A balade attributed to Geoffrey Chaucer

The firste stok, fader of gentilesse-
What man that claymeth gentil for to be
Must followe his trace, and alle his wittes dresse
Vertu to sewe, and vyces for to flee.
For unto vertu longeth dignitee,
And noght the revers, sauffly dar I deme,
Al were he mytre, croune, or diademe.

This firste stok was ful of rightwisnesse,
Trewe of his word, sobre, pitous, and free
Clene of his gost, and loved besinesse,
Ageinst the vyce of slouthe, in honestee,
And, but his heir love vertu, as dide he,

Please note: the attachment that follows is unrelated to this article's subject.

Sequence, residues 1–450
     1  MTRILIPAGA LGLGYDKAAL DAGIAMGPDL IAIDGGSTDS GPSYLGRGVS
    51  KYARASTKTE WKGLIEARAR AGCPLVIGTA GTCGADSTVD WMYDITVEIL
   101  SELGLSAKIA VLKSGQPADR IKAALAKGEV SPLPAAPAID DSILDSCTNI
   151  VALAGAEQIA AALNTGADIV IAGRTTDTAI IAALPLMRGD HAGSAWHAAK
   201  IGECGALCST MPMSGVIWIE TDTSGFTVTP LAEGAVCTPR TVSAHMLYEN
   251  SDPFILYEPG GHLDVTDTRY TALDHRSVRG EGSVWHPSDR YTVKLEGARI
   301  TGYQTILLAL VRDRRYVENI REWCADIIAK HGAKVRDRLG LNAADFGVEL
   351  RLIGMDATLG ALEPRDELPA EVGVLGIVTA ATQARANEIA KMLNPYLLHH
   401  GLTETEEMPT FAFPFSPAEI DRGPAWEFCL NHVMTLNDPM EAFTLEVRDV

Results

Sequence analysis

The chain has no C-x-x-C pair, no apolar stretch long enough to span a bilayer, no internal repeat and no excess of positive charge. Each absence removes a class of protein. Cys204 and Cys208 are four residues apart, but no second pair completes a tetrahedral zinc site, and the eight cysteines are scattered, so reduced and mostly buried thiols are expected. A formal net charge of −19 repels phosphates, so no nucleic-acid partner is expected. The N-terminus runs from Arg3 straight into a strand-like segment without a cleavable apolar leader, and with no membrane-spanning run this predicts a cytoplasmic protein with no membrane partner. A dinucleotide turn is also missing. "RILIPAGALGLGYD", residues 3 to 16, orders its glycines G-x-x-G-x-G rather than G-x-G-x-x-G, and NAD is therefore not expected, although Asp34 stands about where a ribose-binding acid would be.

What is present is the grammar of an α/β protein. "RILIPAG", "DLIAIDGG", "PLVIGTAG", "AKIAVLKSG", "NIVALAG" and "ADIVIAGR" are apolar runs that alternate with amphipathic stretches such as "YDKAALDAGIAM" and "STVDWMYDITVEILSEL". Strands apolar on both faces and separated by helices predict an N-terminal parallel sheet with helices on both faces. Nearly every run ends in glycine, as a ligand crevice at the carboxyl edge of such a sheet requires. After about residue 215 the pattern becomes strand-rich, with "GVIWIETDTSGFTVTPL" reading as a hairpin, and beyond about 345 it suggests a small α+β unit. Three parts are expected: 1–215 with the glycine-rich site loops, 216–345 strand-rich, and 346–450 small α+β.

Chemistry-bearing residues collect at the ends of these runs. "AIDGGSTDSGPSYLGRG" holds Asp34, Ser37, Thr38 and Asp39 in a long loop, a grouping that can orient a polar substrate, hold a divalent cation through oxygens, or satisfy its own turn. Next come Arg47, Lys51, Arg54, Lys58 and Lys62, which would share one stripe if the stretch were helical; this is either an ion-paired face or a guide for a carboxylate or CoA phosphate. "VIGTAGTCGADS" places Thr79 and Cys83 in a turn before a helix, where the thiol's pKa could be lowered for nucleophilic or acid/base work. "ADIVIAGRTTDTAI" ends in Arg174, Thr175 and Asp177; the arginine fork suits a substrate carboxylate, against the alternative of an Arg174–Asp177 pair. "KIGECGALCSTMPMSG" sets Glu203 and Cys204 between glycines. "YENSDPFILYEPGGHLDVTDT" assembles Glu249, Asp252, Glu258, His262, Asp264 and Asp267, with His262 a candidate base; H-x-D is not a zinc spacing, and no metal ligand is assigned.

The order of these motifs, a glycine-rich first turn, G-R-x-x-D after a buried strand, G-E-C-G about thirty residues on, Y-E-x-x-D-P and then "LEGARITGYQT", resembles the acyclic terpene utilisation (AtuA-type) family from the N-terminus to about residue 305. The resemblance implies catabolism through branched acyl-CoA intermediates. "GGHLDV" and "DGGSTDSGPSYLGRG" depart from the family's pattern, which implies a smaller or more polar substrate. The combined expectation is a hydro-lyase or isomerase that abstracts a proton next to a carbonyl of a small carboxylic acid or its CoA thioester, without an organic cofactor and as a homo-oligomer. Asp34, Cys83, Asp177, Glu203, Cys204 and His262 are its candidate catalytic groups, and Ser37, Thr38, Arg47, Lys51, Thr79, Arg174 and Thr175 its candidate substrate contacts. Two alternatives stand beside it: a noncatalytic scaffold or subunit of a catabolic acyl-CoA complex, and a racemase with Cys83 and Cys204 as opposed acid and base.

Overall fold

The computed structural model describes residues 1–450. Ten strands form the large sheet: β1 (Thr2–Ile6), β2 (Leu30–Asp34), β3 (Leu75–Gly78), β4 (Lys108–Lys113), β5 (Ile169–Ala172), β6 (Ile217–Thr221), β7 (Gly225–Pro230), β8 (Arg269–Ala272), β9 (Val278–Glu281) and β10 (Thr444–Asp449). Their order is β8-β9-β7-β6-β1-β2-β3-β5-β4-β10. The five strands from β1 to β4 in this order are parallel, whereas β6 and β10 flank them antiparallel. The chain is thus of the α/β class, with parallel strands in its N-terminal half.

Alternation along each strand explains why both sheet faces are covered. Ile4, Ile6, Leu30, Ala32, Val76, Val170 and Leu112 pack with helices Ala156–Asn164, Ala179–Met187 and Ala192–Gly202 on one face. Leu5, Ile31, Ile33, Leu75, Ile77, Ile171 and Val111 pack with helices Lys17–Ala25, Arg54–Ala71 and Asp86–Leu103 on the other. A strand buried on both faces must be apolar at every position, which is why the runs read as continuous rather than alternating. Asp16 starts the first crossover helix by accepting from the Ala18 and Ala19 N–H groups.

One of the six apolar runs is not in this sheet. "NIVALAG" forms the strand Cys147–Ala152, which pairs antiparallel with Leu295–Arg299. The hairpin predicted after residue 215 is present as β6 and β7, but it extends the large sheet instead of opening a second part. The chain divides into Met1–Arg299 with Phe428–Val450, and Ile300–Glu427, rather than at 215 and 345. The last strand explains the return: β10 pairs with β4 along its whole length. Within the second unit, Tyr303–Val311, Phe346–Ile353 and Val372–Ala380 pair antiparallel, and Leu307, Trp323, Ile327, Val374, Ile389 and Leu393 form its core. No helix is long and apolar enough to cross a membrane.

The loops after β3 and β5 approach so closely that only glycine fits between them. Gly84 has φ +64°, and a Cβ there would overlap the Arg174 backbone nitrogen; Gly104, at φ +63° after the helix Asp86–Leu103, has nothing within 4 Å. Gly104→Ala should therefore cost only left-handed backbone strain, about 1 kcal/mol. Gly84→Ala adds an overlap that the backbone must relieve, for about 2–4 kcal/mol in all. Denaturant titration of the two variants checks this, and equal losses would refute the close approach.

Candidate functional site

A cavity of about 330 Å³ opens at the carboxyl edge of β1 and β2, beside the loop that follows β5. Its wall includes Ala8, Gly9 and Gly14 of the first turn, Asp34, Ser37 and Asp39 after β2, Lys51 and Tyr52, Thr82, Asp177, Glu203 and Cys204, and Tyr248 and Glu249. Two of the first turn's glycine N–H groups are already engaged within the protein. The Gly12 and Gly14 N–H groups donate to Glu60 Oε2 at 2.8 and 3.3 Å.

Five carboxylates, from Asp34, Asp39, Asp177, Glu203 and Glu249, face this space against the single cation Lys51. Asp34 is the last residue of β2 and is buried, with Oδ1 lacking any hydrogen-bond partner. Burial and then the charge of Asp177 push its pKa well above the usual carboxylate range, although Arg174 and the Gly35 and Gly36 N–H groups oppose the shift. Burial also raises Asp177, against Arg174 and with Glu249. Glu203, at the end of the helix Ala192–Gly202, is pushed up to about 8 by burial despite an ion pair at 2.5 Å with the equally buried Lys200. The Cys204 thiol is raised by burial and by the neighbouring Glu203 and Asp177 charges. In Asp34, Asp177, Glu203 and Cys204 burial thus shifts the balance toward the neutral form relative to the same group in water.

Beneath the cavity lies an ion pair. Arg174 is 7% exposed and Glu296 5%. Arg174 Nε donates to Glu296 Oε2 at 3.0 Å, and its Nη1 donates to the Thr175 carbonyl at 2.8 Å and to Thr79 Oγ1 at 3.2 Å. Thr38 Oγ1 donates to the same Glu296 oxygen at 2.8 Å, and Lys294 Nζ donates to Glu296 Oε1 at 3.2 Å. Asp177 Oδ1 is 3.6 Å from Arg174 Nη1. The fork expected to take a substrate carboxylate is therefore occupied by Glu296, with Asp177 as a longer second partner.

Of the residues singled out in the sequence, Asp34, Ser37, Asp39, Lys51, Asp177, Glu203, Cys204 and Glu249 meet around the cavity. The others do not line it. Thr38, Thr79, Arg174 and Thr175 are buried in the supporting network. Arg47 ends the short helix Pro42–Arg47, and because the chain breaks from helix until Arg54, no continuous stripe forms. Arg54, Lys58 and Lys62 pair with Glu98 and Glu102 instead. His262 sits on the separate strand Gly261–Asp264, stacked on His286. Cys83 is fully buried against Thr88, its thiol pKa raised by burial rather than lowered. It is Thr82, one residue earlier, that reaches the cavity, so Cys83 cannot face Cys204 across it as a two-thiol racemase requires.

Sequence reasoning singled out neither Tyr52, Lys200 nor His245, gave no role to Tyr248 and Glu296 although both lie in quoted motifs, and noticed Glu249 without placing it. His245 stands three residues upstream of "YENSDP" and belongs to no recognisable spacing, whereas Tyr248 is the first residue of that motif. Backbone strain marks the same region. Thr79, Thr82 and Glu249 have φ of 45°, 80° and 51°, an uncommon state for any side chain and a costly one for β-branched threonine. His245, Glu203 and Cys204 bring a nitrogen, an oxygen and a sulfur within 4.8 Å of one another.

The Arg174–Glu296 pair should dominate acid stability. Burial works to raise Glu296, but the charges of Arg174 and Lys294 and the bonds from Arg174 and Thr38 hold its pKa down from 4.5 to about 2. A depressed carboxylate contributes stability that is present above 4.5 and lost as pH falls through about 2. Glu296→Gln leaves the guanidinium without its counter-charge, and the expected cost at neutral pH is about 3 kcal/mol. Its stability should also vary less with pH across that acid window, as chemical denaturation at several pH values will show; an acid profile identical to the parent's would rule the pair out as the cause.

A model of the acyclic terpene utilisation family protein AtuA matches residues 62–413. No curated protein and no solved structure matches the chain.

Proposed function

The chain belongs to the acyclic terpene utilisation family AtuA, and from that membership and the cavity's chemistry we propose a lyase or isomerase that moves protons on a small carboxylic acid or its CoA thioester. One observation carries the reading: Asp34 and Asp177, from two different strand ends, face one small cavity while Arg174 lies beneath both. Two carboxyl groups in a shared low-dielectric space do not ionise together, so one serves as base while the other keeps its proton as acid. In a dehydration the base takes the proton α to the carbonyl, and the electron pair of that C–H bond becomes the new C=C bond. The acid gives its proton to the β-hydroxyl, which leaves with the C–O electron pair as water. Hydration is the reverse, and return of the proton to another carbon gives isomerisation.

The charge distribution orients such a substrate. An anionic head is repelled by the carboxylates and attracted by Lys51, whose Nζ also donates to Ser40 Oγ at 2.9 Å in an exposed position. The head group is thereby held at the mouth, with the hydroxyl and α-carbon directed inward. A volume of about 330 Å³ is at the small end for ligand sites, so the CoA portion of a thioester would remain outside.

He is noght gentil, thogh he riche seme,
Al were he mytre, croune, or diademe.

Vyce may wel be heir to old richesse;
But ther may no man, as men may wel see,
Bequethe his heir his vertuous noblesse
That is appropred unto no degree,
But to the firste fader in magistee,
That maketh his his heyre that can him queme,
Al were he mytre, croune, or diademe.

Two possible performances of the poem: a conciliatory suggestion of a possibly offensive new idea, and a radical call for reform of traditional feudal hereditory authority.